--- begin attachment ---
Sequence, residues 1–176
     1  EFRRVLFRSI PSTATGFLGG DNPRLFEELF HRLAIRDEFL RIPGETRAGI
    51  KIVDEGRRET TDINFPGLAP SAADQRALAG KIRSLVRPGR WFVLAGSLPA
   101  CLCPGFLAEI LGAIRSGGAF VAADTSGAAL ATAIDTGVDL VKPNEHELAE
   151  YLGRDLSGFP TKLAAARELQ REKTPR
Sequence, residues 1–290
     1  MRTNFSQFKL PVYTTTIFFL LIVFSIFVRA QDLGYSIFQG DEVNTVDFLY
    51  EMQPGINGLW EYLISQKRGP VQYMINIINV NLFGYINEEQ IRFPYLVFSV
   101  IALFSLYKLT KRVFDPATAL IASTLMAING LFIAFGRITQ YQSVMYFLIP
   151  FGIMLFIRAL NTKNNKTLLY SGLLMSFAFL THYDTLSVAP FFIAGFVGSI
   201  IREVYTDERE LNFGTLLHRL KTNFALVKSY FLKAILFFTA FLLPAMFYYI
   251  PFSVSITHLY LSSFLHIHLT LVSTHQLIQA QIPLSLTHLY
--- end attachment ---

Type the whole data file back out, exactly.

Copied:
Sequence, residues 1–176
     1  EFRRVLFRSI PSTATGFLGG DNPRLFEELF HRLAIRDEFL RIPGETRAGI
    51  KIVDEGRRET TDINFPGLAP SAADQRALAG KIRSLVRPGR WFVLAGSLPA
   101  CLCPGFLAEI LGAIRSGGAF VAADTSGAAL ATAIDTGVDL VKPNEHELAE
   151  YLGRDLSGFP TKLAAARELQ REKTPR
Sequence, residues 1–290
     1  MRTNFSQFKL PVYTTTIFFL LIVFSIFVRA QDLGYSIFQG DEVNTVDFLY
    51  EMQPGINGLW EYLISQKRGP VQYMINIINV NLFGYINEEQ IRFPYLVFSV
   101  IALFSLYKLT KRVFDPATAL IASTLMAING LFIAFGRITQ YQSVMYFLIP
   151  FGIMLFIRAL NTKNNKTLLY SGLLMSFAFL THYDTLSVAP FFIAGFVGSI
   201  IREVYTDERE LNFGTLLHRL KTNFALVKSY FLKAILFFTA FLLPAMFYYI
   251  PFSVSITHLY LSSFLHIHLT LVSTHQLIQA QIPLSLTHLY